Review by Booklist Review
This engrossing story has a compelling message for kids struggling with writing, as well as for all kids stuck in a "mistakes are bad" mindset. Abdul is a Black boy (and presumably Muslim, although it is never explicitly stated) living in an American big city. He loves regaling the other kids at school with stories about what goes on in his diverse neighborhood, but when it comes to writing these stories down, the "scribbly, scratchy, scrawly" ABCs he writes go backwards or won't stay on the line, leaving him feeling frustrated, ashamed, and convinced that writing stories is not for him. Then a professional writer named Mr. Muhammad visits class and urges the students to "write new stories with new superheroes." Abdul makes so many mistakes that he rips up his writing and ends up hiding under his desk. When Mr. Muhammad shows Abdul his own incredibly messy notebook, Abdul is inspired to change his approach from trying for perfection to trying a process of writing "a mess" and then "a less messy mess." Rose's bright digital illustrations are wonderful at depicting out-of-control letters and erasures, even showing Abdul's legs being erased at his low point. At the end, Abdul reads his story to his very receptive class and realizes that he is, indeed, a writer. Inspiring for all students.
From Booklist, Copyright (c) American Library Association. Used with permission.
Review by Horn Book Review
Gregarious Abdul loves to tell stories to his classmates -- as long as he does not have to write them down. Letters are confusing, and figuring out how to spell words is frustrating. Not to mention that the books he reads at school do not feature people who look like him or the people in his neighborhood: "Some stories are for books, Abdul decided, but not his." Then an author named Mr. Muhammad comes to visit his class. By encouraging the boy to focus on his ideas instead of on mechanics, Mr. Muhammad helps Abdul to unleash the writer inside of him. Abdul, who is Black and Muslim, is a relatable character not typically represented in similar narratives, and Mr. Muhammad, who is also Black, Muslim, and neurodivergent, offers encouragement as the caring adult who has learned to manage his own writing challenges. This is a story within a story, not just about the tales Abdul wants to write but also about his journey as a learner; exploring the topic of learning disabilities can be challenging, especially the social-emotional fallout for children who are struggling, but Thompkins-Bigelow accomplishes the task. Rose's lively and colorful illustrations are eye-pleasing and showcase diversity. This is an engaging story that not only offers empowerment but also models understanding and acceptance of learning differences. Monique Harris March/April 2022 p.(c) Copyright 2022. The Horn Book, Inc., a wholly owned subsidiary of Media Source, Inc. No redistribution permitted.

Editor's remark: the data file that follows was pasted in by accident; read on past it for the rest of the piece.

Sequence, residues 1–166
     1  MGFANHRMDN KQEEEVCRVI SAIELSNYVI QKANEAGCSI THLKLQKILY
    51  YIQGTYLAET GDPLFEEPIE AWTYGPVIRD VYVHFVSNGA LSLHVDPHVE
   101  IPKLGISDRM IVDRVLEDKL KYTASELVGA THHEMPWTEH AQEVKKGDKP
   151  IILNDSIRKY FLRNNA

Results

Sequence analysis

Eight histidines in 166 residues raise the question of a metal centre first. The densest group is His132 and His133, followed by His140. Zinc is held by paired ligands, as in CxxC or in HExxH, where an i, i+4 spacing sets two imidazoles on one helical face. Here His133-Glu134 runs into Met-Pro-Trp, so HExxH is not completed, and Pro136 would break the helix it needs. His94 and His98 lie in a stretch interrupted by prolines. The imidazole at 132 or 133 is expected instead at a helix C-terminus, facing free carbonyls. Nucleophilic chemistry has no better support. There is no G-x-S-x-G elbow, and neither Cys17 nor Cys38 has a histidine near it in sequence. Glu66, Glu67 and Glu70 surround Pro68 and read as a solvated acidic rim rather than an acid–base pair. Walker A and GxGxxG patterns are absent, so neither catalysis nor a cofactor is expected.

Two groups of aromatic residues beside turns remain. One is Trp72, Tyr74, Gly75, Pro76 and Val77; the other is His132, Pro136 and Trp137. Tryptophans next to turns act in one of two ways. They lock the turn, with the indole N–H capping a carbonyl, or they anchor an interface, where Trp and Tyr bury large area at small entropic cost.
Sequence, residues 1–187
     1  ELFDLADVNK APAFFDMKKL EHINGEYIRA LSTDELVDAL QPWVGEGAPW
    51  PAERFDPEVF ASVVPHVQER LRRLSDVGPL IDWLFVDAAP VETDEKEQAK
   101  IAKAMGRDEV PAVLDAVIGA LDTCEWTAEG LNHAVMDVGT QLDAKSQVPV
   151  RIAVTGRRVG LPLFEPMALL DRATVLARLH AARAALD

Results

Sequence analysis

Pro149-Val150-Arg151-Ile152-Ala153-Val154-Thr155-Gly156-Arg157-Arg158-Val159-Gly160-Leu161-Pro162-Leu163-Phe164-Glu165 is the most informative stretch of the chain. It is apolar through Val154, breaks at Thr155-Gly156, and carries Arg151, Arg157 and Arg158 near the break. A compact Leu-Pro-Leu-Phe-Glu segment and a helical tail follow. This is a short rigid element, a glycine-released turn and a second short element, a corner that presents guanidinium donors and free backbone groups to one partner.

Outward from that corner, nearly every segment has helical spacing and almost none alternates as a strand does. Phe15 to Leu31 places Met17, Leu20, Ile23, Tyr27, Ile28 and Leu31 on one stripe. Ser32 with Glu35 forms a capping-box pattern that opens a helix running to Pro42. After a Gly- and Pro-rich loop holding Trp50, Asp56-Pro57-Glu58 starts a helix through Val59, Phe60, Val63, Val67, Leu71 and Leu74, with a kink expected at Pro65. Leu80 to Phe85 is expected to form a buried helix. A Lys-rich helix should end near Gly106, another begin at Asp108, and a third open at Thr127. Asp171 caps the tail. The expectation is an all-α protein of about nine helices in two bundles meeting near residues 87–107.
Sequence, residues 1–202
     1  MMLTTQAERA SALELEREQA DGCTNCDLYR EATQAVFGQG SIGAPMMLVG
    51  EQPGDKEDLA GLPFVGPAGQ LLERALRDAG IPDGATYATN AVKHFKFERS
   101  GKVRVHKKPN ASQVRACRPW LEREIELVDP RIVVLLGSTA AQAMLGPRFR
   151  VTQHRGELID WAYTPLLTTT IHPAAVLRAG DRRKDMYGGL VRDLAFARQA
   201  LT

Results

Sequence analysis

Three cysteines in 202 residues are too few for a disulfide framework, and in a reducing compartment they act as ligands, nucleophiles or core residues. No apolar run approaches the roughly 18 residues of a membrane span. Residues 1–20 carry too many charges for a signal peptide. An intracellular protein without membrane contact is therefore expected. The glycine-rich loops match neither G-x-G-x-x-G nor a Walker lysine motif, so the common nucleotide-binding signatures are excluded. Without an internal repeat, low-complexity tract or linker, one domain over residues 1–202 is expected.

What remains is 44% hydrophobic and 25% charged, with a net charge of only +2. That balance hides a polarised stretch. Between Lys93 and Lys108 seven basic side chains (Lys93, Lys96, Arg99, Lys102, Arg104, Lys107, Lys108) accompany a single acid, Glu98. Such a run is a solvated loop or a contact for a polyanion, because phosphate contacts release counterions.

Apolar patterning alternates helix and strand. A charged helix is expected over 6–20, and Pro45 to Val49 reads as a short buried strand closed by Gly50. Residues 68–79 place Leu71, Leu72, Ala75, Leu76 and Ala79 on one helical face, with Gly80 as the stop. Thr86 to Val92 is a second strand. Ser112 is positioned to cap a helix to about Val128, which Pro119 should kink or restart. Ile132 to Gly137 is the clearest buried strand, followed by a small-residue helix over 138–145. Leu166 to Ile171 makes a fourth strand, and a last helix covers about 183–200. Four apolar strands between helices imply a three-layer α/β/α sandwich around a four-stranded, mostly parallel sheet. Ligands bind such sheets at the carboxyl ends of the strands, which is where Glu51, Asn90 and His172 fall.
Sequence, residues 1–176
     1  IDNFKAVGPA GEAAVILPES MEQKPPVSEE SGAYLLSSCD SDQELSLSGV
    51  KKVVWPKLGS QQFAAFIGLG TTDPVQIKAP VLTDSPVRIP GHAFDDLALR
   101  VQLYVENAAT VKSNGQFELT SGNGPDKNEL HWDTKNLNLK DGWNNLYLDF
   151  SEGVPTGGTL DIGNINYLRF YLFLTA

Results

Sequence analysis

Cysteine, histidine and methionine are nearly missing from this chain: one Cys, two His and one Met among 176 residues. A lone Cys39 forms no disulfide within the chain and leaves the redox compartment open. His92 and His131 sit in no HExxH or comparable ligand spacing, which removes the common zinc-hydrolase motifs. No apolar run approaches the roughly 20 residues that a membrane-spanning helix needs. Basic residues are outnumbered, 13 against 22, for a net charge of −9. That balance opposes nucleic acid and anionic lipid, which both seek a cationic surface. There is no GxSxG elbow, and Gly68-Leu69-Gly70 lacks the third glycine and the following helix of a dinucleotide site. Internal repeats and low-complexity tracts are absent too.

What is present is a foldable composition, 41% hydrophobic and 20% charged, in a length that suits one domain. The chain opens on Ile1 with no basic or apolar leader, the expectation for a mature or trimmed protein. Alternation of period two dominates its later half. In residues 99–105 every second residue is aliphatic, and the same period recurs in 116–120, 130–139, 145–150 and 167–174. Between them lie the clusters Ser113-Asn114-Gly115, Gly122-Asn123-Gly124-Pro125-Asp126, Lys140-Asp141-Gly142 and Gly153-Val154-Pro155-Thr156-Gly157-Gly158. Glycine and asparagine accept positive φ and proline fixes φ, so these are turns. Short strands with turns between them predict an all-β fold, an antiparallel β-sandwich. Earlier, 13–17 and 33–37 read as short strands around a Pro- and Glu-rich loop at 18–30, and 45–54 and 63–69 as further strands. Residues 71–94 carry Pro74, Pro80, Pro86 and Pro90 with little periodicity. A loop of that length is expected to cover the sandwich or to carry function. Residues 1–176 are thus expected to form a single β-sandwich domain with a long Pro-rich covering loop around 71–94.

(c) Copyright The Horn Book, Inc., a wholly owned subsidiary of Media Source, Inc. No redistribution permitted.
Review by Kirkus Book Review
A young Black boy struggles with writing--until a special guest visits his class. Abdul loves to tell stories about the people in his neighborhood, and his friends at school love hearing them. But whenever he tries to write down his stories in a notebook, spelling rules confuse him, and his "scribbly, scratchy, scrawly letters" never stay on the lines. Abdul decides that his stories are not for books. One day, a visitor comes to Abdul's class; Mr. Muhammad--a Black man with a flattop haircut like Abdul's and whose sneakers, like Abdul's, have "not a single crease or scuff"--is a writer who urges the students to "write new stories with new superheroes." Abdul feels motivated to give writing another shot, but again he ends up with endless erasure marks and smudges. Mr. Muhammad shows Abdul his own messy notebook, and Abdul, who is left-handed, decides to try writing without erasing. He makes a mess but searches through the clutter for sentences he loves. He rewrites and rewrites and works on his mistakes until he forms a story he likes, proudly claiming the title of writer. Bright, full-color, textured digital illustrations depict a racially diverse, joyful community. This story offers an honest portrayal of learning differences and demonstrates the importance of role models who reflect kids' own backgrounds. It is a lovely addition to the shelf of meaningful children's books portraying Black Muslim Americans in everyday situations. (This book was reviewed digitally.) A real treasure of a book for any child who has struggled to learn a skill. (Picture book. 4-8) Copyright (c) Kirkus Reviews, used with permission.
Copyright (c) Kirkus Reviews, used with permission.